Newly announced grants from the state of Massachusetts will help 13 cities and towns “develop strategic plans for providing high-quality preschool to more children in their community.”
The grant program — the Commonwealth Preschool Partnership Initiative — will invest $500,000 to help communities design “a collaborative, public-private partnership model for providing high-quality preschool that is aligned with Massachusetts’ Preschool Expansion Grant program.”
As Early Education and Care Commissioner Tom Weber explains, the grants help communities build upon their existing programs.
The grant recipients are: Athol, Brockton, Cape Cod, Fall River, Holyoke, Lawrence, Lowell, New Bedford, North Adams, Pittsfield, Springfield, Somerville, and Worcester. The grant amounts range from $22,000 to $40,000.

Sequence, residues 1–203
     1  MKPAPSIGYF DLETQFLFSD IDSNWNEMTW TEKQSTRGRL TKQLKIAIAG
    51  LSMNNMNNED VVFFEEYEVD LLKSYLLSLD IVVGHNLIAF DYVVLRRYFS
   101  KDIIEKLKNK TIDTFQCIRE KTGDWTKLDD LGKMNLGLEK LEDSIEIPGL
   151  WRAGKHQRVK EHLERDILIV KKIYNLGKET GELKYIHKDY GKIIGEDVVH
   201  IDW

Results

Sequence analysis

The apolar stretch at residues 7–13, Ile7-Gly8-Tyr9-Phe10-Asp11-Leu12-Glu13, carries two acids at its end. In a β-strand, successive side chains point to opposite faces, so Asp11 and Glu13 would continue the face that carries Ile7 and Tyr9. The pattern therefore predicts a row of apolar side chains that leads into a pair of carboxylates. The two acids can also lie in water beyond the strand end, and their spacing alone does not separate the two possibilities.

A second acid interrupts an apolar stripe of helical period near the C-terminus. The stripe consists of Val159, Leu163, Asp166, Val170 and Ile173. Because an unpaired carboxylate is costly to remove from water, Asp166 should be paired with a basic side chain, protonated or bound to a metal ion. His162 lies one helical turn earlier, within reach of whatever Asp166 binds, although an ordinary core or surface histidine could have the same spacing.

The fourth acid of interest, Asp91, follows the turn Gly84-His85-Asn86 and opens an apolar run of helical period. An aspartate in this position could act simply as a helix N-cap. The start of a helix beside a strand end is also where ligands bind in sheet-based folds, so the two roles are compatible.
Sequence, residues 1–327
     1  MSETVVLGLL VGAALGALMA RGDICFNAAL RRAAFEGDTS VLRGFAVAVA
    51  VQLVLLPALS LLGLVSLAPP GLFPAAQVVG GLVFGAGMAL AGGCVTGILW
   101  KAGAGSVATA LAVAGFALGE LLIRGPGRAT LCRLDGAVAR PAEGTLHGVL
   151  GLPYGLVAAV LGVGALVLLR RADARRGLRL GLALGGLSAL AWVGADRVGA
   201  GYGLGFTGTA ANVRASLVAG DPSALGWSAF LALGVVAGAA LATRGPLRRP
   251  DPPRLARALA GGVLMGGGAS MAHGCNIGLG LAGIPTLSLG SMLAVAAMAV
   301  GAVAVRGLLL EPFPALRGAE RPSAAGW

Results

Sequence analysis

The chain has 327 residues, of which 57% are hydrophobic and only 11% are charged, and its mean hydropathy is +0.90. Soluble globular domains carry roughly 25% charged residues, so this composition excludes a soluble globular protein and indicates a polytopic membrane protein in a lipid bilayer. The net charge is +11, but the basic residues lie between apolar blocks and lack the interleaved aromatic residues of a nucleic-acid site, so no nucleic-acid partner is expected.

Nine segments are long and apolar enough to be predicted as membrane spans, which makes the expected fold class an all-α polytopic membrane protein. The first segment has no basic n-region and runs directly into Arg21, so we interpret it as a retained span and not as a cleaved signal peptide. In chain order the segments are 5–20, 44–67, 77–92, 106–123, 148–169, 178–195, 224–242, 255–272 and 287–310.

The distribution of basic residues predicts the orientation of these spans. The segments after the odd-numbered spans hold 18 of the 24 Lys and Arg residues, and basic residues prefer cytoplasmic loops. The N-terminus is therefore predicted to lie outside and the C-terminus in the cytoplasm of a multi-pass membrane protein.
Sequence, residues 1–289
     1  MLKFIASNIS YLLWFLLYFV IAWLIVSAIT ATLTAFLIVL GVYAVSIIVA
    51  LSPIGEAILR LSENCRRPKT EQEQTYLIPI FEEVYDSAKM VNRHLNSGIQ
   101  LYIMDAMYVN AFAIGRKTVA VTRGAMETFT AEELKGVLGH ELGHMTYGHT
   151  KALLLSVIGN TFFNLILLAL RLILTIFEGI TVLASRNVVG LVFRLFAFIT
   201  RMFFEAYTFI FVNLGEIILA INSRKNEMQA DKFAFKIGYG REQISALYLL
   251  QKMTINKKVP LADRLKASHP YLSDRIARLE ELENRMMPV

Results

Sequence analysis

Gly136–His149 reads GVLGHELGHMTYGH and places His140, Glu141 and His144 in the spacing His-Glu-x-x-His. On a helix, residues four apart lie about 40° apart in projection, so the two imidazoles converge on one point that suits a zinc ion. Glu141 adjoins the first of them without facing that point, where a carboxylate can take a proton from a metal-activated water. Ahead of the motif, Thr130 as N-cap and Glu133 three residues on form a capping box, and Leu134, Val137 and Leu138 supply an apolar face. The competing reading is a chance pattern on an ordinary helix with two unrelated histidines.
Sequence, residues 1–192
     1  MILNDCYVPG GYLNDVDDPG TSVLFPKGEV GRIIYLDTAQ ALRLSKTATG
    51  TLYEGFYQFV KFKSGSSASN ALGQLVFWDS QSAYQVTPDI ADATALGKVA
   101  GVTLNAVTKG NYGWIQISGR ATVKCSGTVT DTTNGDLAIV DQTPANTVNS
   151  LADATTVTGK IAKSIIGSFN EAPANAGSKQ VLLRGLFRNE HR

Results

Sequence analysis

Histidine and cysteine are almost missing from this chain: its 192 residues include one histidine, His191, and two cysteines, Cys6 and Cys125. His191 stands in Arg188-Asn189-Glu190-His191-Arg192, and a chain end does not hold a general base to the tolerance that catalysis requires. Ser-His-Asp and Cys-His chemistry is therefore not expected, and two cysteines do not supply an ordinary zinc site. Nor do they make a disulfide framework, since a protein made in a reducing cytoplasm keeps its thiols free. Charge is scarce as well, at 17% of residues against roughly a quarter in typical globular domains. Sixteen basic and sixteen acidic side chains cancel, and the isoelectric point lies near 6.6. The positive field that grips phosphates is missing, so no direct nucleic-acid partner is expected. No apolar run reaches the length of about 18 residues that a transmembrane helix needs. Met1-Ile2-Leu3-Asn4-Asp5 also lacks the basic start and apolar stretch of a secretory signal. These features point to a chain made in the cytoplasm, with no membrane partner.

The funding targets communities that have “multiple risk factors” that could hinder children’s educational success “such as high rates of poverty and homelessness.”
“We applaud the Department of Early Education and Care for its new initiative supporting preschool planning,” Chris Martes, Strategies for Children’s president and CEO, said in a statement. “Local partnerships like these are absolutely essential for delivering on the promise of high-quality preschool.”
The Commonwealth Preschool Partnership Initiative builds on the federal Preschool Expansion Grant that Massachusetts was awarded in 2014. This federal grant invested in high-quality pre-K for 4-year-olds and was awarded to Boston, Holyoke, Lawrence, Lowell, and Springfield.
We hope the state will continue its efforts to expand access to high-quality early education. This legislative session, several bills would have accomplished this. Among these is “An Act Ensuring High-Quality Pre-Kindergarten Education,” filed by Representative Alice Peisch (D-Wellesley) and Senator Sal DiDomenico (D-Everett). The bill calls for a multi-year, phased-in, pre-K investment that would start with our Level 5 and 4 school districts, and then expand to Level 3 districts based on need.
For now, though, we’re excited to see how cities and towns use their state grants, and we’ll provide updates on their progress as they make it.